CFTC seeks preliminary injunction against binary options fraudsters who ran $4.8m scheme

Maria Nikolova

The CFTC has asked the Illinois Northern District Court to issue a preliminary injunction against Arie Bos, Berkley Capital Management, LLC (BCM), BBOT 1, LP and Berkley II, LP.

Less than a month after the United States Commodity Futures Trading Commission (CFTC) launched an action at the Illinois Northern District Court targeting a raft of entities responsible for a $4.8 million fraudulent binary options scheme, the regulator is now seeking a preliminary injunction against Arie Bos, Berkley Capital Management, LLC (BCM), BBOT 1, LP and Berkley II, LP.

The relevant motion was submitted at the Court on Tuesday, May 28, 2019.

The CFTC notes that none of the defendants appeared at the hearing on May 22, 2019, with the exception of Caniff with whom the CFTC has entered into a Consent Preliminary Injunction. According to the regulator, a preliminary injunction is proper in this case to preserve the status quo, prevent the withdrawal, transfer, removal, dissipation, or disposal of assets; prevent the destruction, alteration, or disposal of books and records and other documents; protect members of the public from loss and damage; and enable the CFTC to fulfill its statutory duties.

If the Court grants the Commission’s request, the Order shall remain in full force and effect until further order of the Court, and the Court shall retain jurisdiction over this action to ensure compliance with this Order and for all other purposes related to this action. The Order would supersede the Statutory Restraining Order entered on May 1, 2019 as it relates to defendants Bos, BCM, BBOT and Berkley II.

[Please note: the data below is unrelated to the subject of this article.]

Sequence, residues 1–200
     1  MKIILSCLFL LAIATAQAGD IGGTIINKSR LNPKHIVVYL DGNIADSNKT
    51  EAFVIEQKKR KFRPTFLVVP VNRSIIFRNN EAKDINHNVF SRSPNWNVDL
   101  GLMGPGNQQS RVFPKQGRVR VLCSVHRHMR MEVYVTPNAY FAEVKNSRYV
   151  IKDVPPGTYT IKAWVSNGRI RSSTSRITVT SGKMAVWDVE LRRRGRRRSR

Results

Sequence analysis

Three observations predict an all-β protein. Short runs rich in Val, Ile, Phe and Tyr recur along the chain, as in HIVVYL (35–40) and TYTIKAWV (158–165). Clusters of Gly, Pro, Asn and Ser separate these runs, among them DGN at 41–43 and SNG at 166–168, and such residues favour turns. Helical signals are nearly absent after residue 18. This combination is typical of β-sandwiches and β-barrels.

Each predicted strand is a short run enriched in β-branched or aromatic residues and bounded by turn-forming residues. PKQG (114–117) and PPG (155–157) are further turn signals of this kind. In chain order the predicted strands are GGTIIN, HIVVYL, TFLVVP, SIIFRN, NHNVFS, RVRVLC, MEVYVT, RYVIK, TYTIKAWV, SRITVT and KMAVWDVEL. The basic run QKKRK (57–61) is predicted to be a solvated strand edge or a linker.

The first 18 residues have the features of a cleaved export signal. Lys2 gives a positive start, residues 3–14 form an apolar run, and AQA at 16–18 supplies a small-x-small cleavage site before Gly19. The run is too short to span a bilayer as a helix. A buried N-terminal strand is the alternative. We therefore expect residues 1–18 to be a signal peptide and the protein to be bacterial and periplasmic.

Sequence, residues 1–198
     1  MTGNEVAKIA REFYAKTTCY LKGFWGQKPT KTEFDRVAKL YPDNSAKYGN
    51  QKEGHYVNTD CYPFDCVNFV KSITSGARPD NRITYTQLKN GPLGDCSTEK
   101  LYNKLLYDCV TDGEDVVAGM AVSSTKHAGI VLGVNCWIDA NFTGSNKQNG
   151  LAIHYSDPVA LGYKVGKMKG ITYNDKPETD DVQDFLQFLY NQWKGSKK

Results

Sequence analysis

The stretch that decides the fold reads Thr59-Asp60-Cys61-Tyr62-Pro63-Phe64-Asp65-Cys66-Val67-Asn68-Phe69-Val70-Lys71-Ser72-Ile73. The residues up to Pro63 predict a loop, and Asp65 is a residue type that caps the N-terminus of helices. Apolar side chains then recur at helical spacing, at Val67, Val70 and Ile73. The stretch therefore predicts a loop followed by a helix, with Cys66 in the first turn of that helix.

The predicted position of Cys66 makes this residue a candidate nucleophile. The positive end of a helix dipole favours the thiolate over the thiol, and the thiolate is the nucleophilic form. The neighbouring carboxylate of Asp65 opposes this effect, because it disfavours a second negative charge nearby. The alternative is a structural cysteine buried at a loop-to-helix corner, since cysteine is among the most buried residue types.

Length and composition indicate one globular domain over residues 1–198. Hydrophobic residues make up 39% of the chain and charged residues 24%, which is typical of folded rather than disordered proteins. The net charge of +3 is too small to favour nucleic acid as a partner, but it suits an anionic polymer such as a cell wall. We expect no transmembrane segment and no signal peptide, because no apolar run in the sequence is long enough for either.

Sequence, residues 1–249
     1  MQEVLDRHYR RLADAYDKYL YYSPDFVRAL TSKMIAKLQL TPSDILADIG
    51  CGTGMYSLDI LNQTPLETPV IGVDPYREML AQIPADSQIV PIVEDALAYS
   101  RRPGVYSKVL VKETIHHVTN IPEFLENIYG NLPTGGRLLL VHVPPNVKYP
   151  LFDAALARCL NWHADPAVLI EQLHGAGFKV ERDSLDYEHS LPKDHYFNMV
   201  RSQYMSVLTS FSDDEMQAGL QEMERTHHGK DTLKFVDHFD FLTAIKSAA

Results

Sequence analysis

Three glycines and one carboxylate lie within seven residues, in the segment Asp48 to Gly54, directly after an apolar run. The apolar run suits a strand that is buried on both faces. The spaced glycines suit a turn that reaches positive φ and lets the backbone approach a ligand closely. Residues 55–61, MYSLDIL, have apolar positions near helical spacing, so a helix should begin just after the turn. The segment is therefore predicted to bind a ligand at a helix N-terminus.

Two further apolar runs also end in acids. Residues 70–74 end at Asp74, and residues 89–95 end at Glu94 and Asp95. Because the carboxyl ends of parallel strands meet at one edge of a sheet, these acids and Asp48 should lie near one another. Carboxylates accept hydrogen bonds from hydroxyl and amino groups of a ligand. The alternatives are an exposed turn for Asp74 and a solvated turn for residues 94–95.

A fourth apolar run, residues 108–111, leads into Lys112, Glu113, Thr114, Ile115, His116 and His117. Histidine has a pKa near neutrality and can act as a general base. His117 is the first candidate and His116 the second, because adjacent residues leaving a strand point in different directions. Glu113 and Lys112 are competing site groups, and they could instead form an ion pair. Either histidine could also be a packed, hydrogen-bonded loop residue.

According to the CFTC Complaint, from at least January 2016 and continuing through the present, William Thomas Caniff, Arie Bos, Berkley Capital Management, LLC (BCM), BBOT 1, LP and Berkley II, LP, engaged in a scheme whereby they fraudulently solicited and accepted at least $4.8 million from at least 62 commodity pool participants for the purpose of trading binary options on or subject to the rules of a designated contract market in pool accounts to be managed by BCM.

The CFTC alleges that all of the defendants committed options fraud, whereas Caniff is said to also have made a false statement to a registered entity.

In January 2016, Caniff and Bos formed BCM and began to offer individual participants the opportunity to trade binary options with pools of other participants, first through the BBOT pool and later through the Berkley II pool. Caniff used a small portion of participants’ funds to trade binary options through an account he set up at the binary options trading firm, the North American Derivatives Exchange, Inc. (NADEX), which is a designated contract market headquartered in Chicago, Illinois.

Caniff sent Bos fabricated statements reflecting incredible results of his trading for these pools. In turn, Bos ignored numerous red flags and recklessly accepted Caniff’s reports of profitable trading without verifying the results in any way and used them to both solicit participants with claims of past profitable trading and generate false statements that he sent to participants showing grossly-inflated, non-existent, profits for their accounts.

The CFTC Complaint alleges that Caniff misappropriated a substantial portion of the participants’ funds, paying Bos and himself between $1.1 million to $1.2 million each as “fees based on non-existent profits. Caniff also misappropriated funds to pay some participants a total of $2.3 million in a manner akin to a Ponzi scheme. Overall, the defrauded participants have experienced a shortfall of approximately $2.5 million.

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